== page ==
IT has been more than two years since the United States first launched investigations into China’s trade and intellectual property. Since then, four different rounds of US tariffs have been slapped on Chinese goods, with a fifth round due to come into effect on Oct 15.
By the time this fifth round of tariffs is applied, virtually all of the US$550 billion imports from China into the US will be subject to an average tax of about 25 per cent at the US border. In retaliation, China is set to impose its own tariffs on more than US$185 billion worth of US goods.
As the trade conflict rages on, battle scars all over the world are becoming increasingly apparent, compounded by a backdrop of global geopolitical uncertainty. Global trade growth has slumped into contractionary territory, recording the slowest growth since the Global Financial Crisis. Likewise, global industrial production has softened, and policymakers and market participants are becoming increasingly wary about the prospects of an impending global recession.
The US, long regarded as a bright spot of economic activity, has also seen its growth engines begin to sputter. Even US President Donald Trump, a steadfast cheerleader of US tariffs, has been forced to concede that American businesses have been harmed. In recent months Trump has expanded the number of tariff exclusions and increased subsidies to US farmers. The macro numbers have certainly turned less cheery, too: over the last two months, US core capital goods orders, a proxy for business investment, have contracted.
The Chinese economy, which was already structurally slowing even before the tariffs, has been further buffeted despite the best efforts of Chinese policymakers to mobilise monetary and fiscal stimulus to bolster growth. Economic growth has continued to inch down to multi-decade lows.
Measures of manufacturing activity have tumbled into negative territory, while China’s exports to the US have declined sharply.
Elsewhere in Asia, two opposing effects are playing out: the first is a negative effect from a general decline in global demand amid increased uncertainty. The second is a positive effect from potential trade and investment diversions. The longer the trade war persists, the more this negative effect will wipe out any positive diversion effects.
For economies like Vietnam and Taiwan, which have been some of the biggest beneficiaries from trade diversion, things have been relatively smooth sailing so far. Yet, for most economies in the region, the effects of the trade conflict have been more ambiguous.
East Asian economies like Japan and South Korea have seen gains in exports of specific goods like motor vehicle and aircraft parts to the US, yet on aggregate, export growth has moderated. Similarly, the latest economic data from both economies have been worrying, with capital spending and industrial production showing fresh signs of weakness.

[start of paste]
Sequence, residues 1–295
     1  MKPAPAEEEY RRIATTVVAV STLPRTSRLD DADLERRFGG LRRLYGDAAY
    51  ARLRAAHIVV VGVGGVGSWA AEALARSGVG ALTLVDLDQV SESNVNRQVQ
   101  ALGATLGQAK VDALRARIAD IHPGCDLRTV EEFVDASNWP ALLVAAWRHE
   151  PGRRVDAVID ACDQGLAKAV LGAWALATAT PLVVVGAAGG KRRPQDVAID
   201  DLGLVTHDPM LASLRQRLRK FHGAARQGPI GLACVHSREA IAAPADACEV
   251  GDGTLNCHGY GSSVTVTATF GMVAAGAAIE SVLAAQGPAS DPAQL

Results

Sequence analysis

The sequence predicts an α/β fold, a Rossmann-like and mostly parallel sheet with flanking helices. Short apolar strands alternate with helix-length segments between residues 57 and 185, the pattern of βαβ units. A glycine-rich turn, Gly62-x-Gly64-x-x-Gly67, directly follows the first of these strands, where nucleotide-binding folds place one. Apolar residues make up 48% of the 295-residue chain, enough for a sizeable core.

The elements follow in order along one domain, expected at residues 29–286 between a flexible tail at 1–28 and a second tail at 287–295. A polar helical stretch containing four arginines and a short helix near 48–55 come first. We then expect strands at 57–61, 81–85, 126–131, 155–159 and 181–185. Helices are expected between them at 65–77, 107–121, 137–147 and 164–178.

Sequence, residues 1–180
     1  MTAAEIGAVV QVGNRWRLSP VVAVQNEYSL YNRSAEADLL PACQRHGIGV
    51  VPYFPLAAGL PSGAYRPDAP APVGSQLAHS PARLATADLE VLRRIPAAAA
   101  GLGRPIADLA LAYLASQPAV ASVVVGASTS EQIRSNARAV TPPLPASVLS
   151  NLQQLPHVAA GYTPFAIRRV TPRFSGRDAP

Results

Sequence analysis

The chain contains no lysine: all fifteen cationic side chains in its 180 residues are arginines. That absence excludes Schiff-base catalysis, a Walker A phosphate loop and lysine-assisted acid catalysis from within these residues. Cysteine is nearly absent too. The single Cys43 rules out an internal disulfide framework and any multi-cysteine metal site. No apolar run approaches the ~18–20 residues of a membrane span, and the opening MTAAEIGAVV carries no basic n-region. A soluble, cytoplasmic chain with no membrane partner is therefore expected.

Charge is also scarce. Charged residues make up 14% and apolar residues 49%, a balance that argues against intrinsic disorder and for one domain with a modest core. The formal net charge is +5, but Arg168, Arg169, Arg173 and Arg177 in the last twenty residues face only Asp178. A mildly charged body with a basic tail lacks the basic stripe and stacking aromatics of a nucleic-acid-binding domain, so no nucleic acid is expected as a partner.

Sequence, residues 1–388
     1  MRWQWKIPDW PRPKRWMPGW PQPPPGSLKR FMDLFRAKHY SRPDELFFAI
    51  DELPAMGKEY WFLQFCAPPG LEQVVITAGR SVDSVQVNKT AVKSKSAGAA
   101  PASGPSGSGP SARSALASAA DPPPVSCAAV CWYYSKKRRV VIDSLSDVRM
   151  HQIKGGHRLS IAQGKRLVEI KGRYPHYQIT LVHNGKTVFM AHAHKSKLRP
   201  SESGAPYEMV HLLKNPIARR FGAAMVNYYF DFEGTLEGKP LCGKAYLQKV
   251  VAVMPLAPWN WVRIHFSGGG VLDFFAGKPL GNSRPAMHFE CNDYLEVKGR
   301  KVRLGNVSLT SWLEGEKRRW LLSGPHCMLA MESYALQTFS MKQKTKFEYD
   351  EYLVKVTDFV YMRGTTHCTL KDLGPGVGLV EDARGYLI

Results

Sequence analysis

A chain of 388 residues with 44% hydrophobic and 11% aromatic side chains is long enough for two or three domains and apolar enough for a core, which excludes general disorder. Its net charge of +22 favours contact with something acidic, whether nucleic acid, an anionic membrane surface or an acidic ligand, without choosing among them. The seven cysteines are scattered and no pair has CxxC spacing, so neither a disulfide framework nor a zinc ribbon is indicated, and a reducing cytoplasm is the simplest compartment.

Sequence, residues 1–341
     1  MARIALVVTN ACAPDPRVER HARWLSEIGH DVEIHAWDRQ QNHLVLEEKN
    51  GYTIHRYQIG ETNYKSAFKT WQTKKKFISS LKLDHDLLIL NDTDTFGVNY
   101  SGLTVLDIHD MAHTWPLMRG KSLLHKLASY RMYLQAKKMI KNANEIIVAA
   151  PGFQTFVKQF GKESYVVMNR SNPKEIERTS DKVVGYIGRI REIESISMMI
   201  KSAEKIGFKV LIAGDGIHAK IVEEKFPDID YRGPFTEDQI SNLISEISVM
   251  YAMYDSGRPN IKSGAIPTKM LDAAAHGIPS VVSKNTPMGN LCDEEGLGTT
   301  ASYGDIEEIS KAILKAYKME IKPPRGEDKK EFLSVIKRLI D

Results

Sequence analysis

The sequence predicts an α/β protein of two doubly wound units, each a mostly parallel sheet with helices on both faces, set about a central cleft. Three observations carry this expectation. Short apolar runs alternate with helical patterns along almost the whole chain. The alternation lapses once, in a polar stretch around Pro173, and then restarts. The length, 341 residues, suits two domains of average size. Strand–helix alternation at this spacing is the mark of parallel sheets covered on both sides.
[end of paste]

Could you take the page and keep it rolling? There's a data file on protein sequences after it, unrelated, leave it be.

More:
Meanwhile, almost every major central bank in Southeast Asia has either already cut interest rates over the past year, or are expected to cut rates soon. Likewise, despite seeing some limited gains in trade diversion, Southeast Asian economies like Thailand and Singapore have also seen economic activity slip to multi-year lows with measures of exports and factory production tumbling. In Malaysia, growth has so far been somewhat more resilient, though exports have also taken a hit, with export growth trending downwards in the past year.
Amid the turmoil, countries in the region have begun to respond. Thailand has recently unveiled a “relocation” package which includes tax incentives and investment-friendly regulations aimed at attracting investment diversion.
Likewise, Malaysia has established a new committee to fast-track approvals for foreign investment and assembled a “trade war task force”. Meanwhile, Asian economies in the region have stepped up efforts to complete the signing of the Regional Comprehensive Economic Partnership trade agreement — while non-ratified signatories of the CPTPP may consider accelerating their ratification efforts.
Yet, for developing Asia, boosting international trade and investment alone is not enough. Perhaps more important is ensuring that foreign investment is channelled towards national development and towards increasingly high-value-added domestic production — rather than just being conduits for foreign profits. To this end, developing Asian economies, including Malaysia, would do well to avoid using overly-generous tax incentives to pander to corporate interests who do not play a role in national development.
Simultaneously, other longer-term policies aimed at improving human capital development and increasing domestic investment are crucial too.
After all, it is becoming increasingly clear that trade wars are far from “good and easy to win”, even for onlookers in Asia looking to gain from trade and investment diversion. Nevertheless, the economic conflict between the US and China will not diminish anytime soon, even if a trade deal is signed. Just as the last full-blown trade war during the Smoot-Hawley tariffs in the 1930s set in motion the creation of the system of world trade we know today — so too could this US-China tariff conflict bring about a new global trading order.
The writer is a researcher in Economics, Trade and Regional Integration at the Institute of Strategic International Studies Malaysia.